In the hills south of Rock Springs, it's blizzarding. But Wyoming Game and Fish biologist Patrick Burke says it's actually great weather for tracking mule deer.
“You know, with no winds like this, and fresh snow,” he says, “that's really good for helping locate animals.”
Burke and other scientists have braved this weather today in hopes of capturing deer with helicopters to put satellite radio collars on them. They've already collared 18, but they want to do 50.
University of Wyoming Professor Kevin Monteith is one of the group.
“We'll be capturing these animals twice a year for three years. We'll be capturing their young each spring for three years.”
Why does everyone care so much about these Rock Springs mule deer? Because no matter what they've tried, the number of deer here keep falling.
“Really, over the past couple decades we've pumped over $4 million into habitat treatments and other sorts of efforts to help bolster that mule deer population,” Monteith says, “but with seemingly no benefit.”
And because, for generations, it’s been a herd highly prized by hunters. So Monteith says it's time to figure out what’s wrong here.
“In this area, one of the big questions is, we actually have no idea where these animals go during the winter.”
But there's been some hints it’s a long way off. Last winter, a collared doe was tracked clear down to Vernal, Utah, 50 miles away. But she might have traveled even farther if it wasn’t for a very large block in her path: Interstate 80.
Matt Kauffman knows a thing or two about migrations. He’s director the Wyoming Migration Initiative and recently helped discover that Wyoming is home to the longest mule deer migration in the world: 150 miles from the Red Desert to the Hoback Junction, north of Pinedale. He says, what mule deer are doing is following spring.
“We refer to that behavior as ‘surfing the green wave.’ These animals follow spring up the mountain on their migrations, always feeding in habitat patches that are just starting to green up.
But they can't always surf that wave all the way to its crest. The problem is often human-made road blocks, like highways, fences, and subdivision.
“When a migrating animal runs into a development or human activity,” Kauffman says, “what we're finding is that they speed up, they stop over less to feed and in some cases, they detour around developed portions of their route.
And Kauffman says herds that can’t migrate in search of the most nutritious grasses just end up smaller in number, plain and simple.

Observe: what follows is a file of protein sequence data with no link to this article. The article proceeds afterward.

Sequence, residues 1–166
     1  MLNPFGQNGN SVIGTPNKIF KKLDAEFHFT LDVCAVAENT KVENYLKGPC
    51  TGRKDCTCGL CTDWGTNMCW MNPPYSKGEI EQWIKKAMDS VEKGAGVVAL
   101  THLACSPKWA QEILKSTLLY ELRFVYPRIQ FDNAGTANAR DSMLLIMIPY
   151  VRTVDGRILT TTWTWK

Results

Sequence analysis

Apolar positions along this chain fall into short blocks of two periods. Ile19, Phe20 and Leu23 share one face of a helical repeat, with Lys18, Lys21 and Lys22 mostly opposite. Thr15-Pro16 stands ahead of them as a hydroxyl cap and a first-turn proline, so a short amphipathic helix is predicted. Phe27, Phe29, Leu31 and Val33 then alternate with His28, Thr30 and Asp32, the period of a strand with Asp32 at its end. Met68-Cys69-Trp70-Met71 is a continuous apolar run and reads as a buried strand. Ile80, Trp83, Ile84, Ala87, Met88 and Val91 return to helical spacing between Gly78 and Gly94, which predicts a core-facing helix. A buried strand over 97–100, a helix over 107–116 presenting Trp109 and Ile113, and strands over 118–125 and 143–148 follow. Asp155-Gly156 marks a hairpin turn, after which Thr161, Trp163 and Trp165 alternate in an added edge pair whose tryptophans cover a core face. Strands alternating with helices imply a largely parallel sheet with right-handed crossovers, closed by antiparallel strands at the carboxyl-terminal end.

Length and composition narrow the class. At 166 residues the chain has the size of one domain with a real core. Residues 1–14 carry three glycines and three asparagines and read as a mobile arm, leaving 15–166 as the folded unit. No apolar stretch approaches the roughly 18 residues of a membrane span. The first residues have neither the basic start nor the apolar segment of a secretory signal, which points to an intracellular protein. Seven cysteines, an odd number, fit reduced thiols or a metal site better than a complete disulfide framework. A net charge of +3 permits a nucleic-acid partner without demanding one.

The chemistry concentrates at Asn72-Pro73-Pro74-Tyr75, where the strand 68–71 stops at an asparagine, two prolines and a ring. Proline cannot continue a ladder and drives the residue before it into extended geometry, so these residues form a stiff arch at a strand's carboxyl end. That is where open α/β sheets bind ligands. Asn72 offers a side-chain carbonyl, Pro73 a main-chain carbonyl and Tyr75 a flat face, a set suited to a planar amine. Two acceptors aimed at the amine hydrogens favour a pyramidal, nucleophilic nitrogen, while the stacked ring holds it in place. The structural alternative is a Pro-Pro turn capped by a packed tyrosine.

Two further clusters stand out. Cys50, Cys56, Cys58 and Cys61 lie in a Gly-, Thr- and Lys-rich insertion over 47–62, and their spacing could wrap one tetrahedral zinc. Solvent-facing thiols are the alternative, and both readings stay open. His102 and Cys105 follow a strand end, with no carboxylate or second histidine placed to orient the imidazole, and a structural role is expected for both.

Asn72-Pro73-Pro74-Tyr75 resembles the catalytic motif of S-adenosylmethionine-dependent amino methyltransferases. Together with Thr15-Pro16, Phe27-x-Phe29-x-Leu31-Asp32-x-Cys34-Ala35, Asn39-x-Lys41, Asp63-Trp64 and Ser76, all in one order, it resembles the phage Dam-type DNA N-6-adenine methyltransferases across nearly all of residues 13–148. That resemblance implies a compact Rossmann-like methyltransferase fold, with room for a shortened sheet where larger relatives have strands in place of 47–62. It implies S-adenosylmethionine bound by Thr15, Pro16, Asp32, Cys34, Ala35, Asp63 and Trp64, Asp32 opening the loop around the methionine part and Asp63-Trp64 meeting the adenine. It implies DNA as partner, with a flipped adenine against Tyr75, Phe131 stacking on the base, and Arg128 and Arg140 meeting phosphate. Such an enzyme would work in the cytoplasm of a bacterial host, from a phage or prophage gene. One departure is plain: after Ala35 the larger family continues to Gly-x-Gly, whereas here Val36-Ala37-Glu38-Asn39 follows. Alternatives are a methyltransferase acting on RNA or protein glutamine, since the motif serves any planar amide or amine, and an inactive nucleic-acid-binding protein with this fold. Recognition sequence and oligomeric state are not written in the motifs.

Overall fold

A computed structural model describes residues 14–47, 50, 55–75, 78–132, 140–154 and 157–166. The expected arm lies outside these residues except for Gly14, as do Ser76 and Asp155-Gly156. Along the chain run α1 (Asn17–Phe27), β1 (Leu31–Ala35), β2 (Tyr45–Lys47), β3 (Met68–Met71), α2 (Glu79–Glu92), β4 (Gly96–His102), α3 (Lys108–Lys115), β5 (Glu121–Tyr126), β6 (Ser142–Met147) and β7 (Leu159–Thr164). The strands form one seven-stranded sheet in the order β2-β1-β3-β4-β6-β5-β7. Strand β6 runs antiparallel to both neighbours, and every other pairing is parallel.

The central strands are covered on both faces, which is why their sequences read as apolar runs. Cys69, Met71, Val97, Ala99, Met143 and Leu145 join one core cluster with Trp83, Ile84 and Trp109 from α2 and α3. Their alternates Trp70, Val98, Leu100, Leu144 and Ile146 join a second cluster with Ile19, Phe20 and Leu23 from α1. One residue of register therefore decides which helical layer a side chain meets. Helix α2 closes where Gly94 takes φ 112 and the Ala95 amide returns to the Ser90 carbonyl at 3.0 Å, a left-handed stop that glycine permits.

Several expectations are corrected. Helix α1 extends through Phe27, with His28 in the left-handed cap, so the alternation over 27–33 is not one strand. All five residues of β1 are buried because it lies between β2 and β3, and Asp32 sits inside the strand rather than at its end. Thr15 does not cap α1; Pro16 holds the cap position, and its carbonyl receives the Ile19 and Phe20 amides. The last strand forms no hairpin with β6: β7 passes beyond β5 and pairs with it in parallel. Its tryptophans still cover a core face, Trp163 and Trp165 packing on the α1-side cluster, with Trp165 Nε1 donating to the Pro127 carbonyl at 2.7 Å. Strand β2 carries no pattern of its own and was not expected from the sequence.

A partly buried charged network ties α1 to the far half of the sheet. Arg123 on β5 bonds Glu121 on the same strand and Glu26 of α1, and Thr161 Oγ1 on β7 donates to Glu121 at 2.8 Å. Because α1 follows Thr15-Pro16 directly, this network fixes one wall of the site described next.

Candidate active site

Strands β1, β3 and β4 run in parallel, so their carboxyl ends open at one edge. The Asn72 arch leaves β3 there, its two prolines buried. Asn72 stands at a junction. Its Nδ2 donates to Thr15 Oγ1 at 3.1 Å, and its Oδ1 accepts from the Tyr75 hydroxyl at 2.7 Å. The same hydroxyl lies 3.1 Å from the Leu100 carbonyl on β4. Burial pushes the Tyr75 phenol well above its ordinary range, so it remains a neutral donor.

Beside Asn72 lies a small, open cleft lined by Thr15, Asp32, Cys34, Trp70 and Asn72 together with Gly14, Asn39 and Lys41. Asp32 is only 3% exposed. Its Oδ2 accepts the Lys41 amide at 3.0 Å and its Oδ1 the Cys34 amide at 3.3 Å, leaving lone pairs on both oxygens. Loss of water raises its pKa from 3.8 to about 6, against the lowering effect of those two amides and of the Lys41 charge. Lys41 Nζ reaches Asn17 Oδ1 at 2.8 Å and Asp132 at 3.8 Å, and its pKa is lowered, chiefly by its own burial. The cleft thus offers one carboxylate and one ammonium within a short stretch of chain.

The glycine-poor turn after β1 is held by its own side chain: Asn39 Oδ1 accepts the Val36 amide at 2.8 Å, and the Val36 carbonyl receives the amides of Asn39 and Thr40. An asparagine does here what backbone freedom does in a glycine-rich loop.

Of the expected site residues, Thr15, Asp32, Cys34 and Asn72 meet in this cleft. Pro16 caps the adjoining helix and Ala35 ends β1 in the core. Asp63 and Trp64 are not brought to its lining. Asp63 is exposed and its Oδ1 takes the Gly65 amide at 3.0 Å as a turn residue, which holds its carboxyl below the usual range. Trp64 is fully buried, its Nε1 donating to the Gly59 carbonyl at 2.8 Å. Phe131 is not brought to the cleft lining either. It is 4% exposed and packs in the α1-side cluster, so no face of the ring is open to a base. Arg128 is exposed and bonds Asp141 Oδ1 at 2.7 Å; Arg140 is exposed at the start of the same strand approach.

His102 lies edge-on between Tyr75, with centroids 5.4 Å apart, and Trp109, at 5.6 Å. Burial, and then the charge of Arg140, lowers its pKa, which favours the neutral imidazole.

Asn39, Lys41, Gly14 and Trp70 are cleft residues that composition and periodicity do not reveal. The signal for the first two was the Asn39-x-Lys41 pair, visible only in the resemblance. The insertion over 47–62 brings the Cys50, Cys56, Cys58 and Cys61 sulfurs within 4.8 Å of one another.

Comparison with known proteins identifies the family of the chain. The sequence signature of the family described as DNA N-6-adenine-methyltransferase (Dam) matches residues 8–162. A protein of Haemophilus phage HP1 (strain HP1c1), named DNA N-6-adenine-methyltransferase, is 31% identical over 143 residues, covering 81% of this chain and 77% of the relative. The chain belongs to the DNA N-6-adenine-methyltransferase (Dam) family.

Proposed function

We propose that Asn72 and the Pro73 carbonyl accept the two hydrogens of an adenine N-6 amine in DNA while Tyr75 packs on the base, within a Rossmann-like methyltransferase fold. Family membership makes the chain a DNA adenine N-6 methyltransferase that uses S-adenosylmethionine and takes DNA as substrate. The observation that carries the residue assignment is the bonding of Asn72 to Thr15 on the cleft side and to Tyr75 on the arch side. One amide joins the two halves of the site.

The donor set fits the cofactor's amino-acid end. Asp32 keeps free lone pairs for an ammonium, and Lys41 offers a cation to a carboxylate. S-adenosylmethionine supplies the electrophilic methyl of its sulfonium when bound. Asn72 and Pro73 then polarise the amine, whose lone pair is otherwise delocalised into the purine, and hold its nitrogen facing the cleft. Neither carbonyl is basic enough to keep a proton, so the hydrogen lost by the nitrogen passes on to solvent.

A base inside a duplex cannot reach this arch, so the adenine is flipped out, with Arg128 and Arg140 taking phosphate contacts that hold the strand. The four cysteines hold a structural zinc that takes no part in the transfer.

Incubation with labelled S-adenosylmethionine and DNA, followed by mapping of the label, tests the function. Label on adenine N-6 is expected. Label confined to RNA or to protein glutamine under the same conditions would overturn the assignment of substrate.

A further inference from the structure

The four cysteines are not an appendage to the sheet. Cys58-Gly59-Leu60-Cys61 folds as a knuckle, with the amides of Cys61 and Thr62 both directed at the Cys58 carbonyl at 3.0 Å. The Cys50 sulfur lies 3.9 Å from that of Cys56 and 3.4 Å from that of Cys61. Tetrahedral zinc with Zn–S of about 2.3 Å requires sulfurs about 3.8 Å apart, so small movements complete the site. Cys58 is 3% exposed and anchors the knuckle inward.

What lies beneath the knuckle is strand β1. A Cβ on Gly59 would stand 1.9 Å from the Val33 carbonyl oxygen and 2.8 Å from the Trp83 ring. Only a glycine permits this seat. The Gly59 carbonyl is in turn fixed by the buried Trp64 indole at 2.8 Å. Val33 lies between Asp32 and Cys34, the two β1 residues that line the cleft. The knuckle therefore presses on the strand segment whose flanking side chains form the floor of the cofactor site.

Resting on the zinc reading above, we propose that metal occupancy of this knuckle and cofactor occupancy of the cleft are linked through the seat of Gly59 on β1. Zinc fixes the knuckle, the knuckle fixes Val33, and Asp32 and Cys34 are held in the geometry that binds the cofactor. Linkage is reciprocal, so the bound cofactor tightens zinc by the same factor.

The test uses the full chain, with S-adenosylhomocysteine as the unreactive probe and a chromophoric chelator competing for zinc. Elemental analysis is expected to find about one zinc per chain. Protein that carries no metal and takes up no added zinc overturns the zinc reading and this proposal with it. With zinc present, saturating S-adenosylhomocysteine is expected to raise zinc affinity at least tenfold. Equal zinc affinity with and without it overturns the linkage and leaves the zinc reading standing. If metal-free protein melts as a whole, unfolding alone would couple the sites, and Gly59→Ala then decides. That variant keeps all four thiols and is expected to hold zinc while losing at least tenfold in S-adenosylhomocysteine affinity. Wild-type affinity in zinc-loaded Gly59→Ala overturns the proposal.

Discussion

This is all big news for the Wyoming Game and Fish Department. They already have some protections for migration routes in the state, for instance, no more than four oil and gas well pads allowed in the migration corridor and zero development allowed in corridors narrower than a quarter mile.
But this month, the agency proposed making those rules stricter, especially in areas where animals stay and graze for days and weeks, known as stop overs, or in bottlenecks where the route gets very narrow. At the Game and Fish Commission meeting in Laramie, Vice President Carrie Little even said, “If those are so critical then, I’m throwing out there, maybe these should be off limited to hunting, too.”
Banning hunting is a suggestion rarely voiced, and such talk worries Representative Albert Sommers. A migration route runs through his Pinedale ranch. He says the best way to get ranchers to help mule deer travel through their land is to collaborate, not regulate.
“You know, we’re very paternal,” Sommers says. “We want to care for things, that’s what we do. We raise animals. And so I think that carries onto the wildlife. And so in this there’s a natural ally if you know how to explore it and don’t alienate [us]."
He says the state needs to make it easy for ranchers: pay them to install wildlife-friendly fences, or pay them not to develop their land.
Oil and gas spokesman Nick Owens with Anadarko agrees. He says his company supports existing wildlife protections, but if they go any further it could hurt their bottom line.
Deputy Assistant Secretary of the Interior Jim Lyons says, the good thing is that Wyoming is doing what no other state has done before-- proactively protecting migration routes before deer abandon them.
“The real value is in doing that work ahead of time and trying to avoid unintended consequences of development and economic growth.”
Out in the blizzard, the fog finally lifts. The helicopter appears and slowly lowers a mule deer doe, hanging in a large net, into the arms of the waiting scientists. They quickly blindfold her to keep her calm, then they start their tests: blood samples, body fat, heart rate. They even take a tooth to get her age.
Wildlife biologist Kevin Monteith says, it's the dawn of a new era in wildlife management.
“What we're doing is we're focusing on individual animals and trying to tell their story.”
With human development encroaching in the West, how that story ends remains to be seen.